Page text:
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Disability More Common Than Many People Believe: Study

A recent RBC Insurance survey has found that Canadian workers tend to vastly underestimate the likelihood that they will become disabled.

Forty-five percent of Canadian workers polled said they believe that disability occurs infrequently. The reality is that one in seven Canadians is currently disabled and one in three working Canadians will experience a period of disability lasting longer than 90 days during their working lives.

“When it comes to disability, what Canadians don’t know can hurt them,” says Mark Hardy, RBC Insurance’s senior manager for Life and Living Benefits. “The research indicates that Canadians are overly optimistic about avoiding a disability and that lack of understanding reinforces the need for more education around this critical issue.”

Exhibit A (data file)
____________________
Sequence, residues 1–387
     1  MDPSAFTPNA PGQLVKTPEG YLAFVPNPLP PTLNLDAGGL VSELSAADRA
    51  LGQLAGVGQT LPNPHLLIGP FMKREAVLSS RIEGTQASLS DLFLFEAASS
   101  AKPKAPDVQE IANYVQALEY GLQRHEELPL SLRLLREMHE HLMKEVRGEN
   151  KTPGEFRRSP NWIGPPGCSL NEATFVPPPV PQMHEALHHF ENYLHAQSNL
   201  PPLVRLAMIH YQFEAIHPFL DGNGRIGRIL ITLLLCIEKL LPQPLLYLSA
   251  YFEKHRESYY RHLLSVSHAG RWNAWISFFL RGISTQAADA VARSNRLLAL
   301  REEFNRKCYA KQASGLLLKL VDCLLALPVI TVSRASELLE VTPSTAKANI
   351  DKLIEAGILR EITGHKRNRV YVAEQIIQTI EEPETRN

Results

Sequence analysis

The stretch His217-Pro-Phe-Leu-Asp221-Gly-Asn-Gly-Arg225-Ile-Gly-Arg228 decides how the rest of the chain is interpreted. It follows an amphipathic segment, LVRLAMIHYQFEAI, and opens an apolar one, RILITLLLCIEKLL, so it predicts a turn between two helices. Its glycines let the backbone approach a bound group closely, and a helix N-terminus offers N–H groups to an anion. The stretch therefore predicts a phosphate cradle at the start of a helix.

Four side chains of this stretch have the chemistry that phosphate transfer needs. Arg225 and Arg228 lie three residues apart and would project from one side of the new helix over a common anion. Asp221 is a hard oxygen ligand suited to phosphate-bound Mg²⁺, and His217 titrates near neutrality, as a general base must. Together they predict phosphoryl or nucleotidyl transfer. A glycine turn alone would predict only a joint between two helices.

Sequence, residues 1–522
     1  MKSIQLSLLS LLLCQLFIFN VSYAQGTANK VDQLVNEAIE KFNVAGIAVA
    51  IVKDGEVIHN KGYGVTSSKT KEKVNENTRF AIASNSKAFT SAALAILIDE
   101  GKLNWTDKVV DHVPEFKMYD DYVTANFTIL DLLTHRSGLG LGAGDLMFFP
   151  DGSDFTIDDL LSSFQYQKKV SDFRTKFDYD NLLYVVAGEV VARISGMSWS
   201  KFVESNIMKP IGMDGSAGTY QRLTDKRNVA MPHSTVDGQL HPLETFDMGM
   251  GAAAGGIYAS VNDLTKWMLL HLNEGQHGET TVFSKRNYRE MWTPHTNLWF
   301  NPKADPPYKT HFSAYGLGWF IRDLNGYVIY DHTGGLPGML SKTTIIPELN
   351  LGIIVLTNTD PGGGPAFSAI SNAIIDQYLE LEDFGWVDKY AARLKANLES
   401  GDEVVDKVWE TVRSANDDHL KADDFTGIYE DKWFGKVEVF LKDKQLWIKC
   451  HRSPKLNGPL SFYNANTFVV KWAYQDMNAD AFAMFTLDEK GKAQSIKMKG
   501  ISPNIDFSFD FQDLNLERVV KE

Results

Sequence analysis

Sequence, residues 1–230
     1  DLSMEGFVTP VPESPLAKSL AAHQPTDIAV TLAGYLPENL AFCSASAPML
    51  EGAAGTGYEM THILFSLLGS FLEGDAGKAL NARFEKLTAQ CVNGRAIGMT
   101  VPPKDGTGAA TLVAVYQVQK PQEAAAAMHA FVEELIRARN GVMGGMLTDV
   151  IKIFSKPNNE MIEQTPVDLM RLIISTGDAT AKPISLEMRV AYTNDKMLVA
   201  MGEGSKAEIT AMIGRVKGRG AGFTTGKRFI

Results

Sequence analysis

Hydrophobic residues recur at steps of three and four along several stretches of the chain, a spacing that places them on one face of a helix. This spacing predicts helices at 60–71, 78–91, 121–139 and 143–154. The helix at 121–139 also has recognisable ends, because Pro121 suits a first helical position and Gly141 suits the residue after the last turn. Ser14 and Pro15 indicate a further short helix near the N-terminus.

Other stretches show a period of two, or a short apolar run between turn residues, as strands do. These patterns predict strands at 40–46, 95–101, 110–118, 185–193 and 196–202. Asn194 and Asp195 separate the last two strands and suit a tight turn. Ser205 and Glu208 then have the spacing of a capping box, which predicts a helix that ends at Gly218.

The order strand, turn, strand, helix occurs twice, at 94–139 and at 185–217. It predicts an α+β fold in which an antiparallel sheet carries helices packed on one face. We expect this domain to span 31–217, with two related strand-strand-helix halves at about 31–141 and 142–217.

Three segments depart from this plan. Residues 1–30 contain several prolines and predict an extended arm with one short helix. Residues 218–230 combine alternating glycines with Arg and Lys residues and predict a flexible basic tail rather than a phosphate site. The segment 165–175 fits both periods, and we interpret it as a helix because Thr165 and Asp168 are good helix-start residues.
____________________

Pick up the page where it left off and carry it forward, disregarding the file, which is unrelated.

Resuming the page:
He adds that there is a mistaken perception that disabilities tend to be catastrophic, caused by one-time traumatic events.

“Most Canadians don’t recognize that common, chronic conditions such as mental illness cause the majority of disabilities. In fact, less than 10 percent of disabilities are caused by accidents.”

Seventy-two percent of Canadians polled thought physical accidents were a disability, while 64 percent viewed workplace-related accidents as a disability. Only 45 percent thought depression was a disability; just 30 percent viewed anxiety as a disability; and only 21 percent considered diabetes to be a disability.

Here are some other misconceptions that came to light in the survey:

Myth: Only 20 percent of Canadian workers believe a disability would most impact their ability to work.

Fact: Sixty-five percent of Canadian workers have been exposed to someone having taken time off work due to a disability, while 25 percent had personally taken time off for a disability.

Myth: One in four of the respondents agree that a disability is the result of not being careful.

Fact:  Mental illness, cancer, cardiovascular diseases and musculoskeletal diseases such as arthritis cause more disabilities than accidents. In fact, these diseases are six times more likely to be the cause of disability.